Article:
Israeli betting ban blamed for alarming slide in Tote turnover

Veterinary border inspection post proposed for Dublin port

Tote turnover at Leopardstown’s recent four day Christmas festival fell by almost a million euro on the previous year to €1,606,297.  Photograph: Tommy Dickson/Inpho

Tote turnover at Leopardstown’s recent four day Christmas festival fell by almost a million euro on the previous year to €1,606,297. Photograph: Tommy Dickson/Inpho

 

A ban on betting on horse racing in Israel has been blamed for an alarming slide in Tote betting in recent months.

Last year the Israeli government announced it was ending betting on horse racing just five years after a deal was secured there to allow Irish and British racing to be shown in betting shops.

That deal saw significant money bet into Irish racing’s Tote pool and contributed to seven successive years of turnover growth in the wholly-owned subsidiary of racing’s ruling body, Horse Racing Ireland.

A 7.2 per cent increase in 2017 saw Tote turnover reach €103.8 million. In 2016 it had risen by 22.1 per cent despite a continuing decline in on-course betting in Ireland.

However, the first half of 2018 saw Tote betting take a dramatic 32.8 per cent drop from €48.2 million to €32.4 million. Total turnover for the year in total could drop significantly from 2017 when final figures for 2018 are released shortly.

Tote turnover at Leopardstown’s recent four day Christmas festival fell by almost a million euro on the previous year to €1,606,297.

Horse Racing Ireland officials are currently examining the results of an internal consultancy report carried out by Deloitte to look at future strategic options for the Tote which works on the basis of customers betting into a common pool rather than against a bookmaker.

On Monday HRI’s chief executive Brian Kavanagh said the largest element to the sharp decline in turnover is due to betting money from Israel not contributing to pools anymore.

A joint-venture company called GBI racing was set up to sell picture rights internationally for horse racing in both Ireland and Britain. In 2013 it beat off competition from French and South African racing to supply pictures to betting shops in Israel.

“These deals ultimately wend their way back in some shape or form into Tote pool size and a return to racecourses for pictures,” said Kavanagh.

“The biggest deal was with an Israeli betting organisation who opened betting shops throughout Israel. Rather than betting at fixed odds with local operators punters there bet into the host Tote pool. 

High turnover

“It was low margin business but with very high turnover. It’s not an unusual arrangement and happens in a lot of jurisdictions. The attraction of Israel was that it was the only product on offer there. It produced a significant amount of turnover,” Kavanagh explained.

“The contract was due to terminate in August of this year. But in August of 2018 the Israeli government clamped down on betting activity in some sort of philosophical debate as to whether betting should or shouldn’t be legal or permitted. So that revenue stream, for both racecourses and the Tote, ceased,” he added.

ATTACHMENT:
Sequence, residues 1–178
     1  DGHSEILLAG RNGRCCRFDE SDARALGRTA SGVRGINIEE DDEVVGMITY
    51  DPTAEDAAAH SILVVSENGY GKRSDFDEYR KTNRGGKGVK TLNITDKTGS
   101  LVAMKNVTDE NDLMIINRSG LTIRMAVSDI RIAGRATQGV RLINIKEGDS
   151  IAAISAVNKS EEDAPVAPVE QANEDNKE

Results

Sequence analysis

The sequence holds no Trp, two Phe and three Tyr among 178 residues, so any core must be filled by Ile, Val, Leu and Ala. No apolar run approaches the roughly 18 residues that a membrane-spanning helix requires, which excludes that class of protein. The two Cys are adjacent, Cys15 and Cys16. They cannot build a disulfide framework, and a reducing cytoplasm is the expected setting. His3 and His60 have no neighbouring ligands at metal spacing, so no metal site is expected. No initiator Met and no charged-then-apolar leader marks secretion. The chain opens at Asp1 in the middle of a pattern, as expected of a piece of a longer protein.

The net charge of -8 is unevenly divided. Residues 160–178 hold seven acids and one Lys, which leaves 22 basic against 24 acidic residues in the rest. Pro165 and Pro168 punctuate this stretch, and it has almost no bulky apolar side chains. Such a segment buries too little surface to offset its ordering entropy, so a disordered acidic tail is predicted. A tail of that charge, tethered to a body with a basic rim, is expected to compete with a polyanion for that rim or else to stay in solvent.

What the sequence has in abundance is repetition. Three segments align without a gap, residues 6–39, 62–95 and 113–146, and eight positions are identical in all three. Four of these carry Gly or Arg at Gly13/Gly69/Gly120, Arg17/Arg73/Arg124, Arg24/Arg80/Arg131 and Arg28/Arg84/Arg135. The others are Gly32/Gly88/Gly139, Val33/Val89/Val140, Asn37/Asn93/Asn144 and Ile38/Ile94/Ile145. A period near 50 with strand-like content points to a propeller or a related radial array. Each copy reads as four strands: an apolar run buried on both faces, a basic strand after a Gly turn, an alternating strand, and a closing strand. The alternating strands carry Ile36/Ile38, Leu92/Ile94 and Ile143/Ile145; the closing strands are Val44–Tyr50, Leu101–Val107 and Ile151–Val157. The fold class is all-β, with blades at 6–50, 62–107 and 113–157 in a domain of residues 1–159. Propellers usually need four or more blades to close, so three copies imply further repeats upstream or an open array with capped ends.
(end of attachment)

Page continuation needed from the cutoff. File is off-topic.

The importance of such international pool betting appeared to be illustrated in particular in 2016 when the ‘Pick Six’ bet grew by 165 per cent. Several pools exceeded €500,000 that year culminating in a record pool of almost €2.2 million at a Curragh meeting in September of that year.

That left Tote Ireland making a profit of just over €630,000 in 2016 after costs and payments to racecourses.

With uncertainty about future sources of international pool betting, and off-course Irish pools dropping by 37.3 per cent to €25.6 million in the first half of 2018, HRI commissioned a Deloitte report to help steer the Tote’s future.

“This is an experience that Totes around the world are having. The Tote system thrives, and operates very successfully, where it has a monopoly operation. Where it is competing with low margin, fixed odds operations it’s a more challenging environment.

“It’s an important aspect of racing in Ireland and has done some good work in recent years. Its cost base has been substantially reduced. The challenge is on the turnover side.

“We have to go back to the board [of HRI] with a pathway to the future for the Tote. We are looking at all options. You must operate on a sustainable basis and I believe it is sustainable,” Kavanagh said.

Inspection posts

The HRI boss also confirmed talks have begun with the Department of Agriculture about the need to develop a new border veterinary inspection post for animals travelling by sea in the event of a no-deal Brexit.

Should there be no deal in place at the end of March, and if there is no replacement or extension to the tripartite agreement that allows freedom of movement for horses between Ireland, France and the UK, thoroughbreds entering the Republic from the UK will be required under EU regulations to be inspected by vets.

The only two such border inspections posts currently in operation here at located at Dublin and Shannon airports.

“It’s not something anyone wants to see implemented but we have to plan for the possibility of a no-deal exit.

“We’re in talks with the Department of Agriculture about the need for, and potential options for, a land-based inspection post as opposed to air-based, probably somewhere in Dublin ports and docks.

“We need to get at least one somewhere in the country. If Britain is to be listed as a third country, which we hope will not happen in the event of a deal or a no deal, the EU requires all movement to go through a border inspection post.

“And the highest volume of horses travelling are sea-based,” Kavanagh added.

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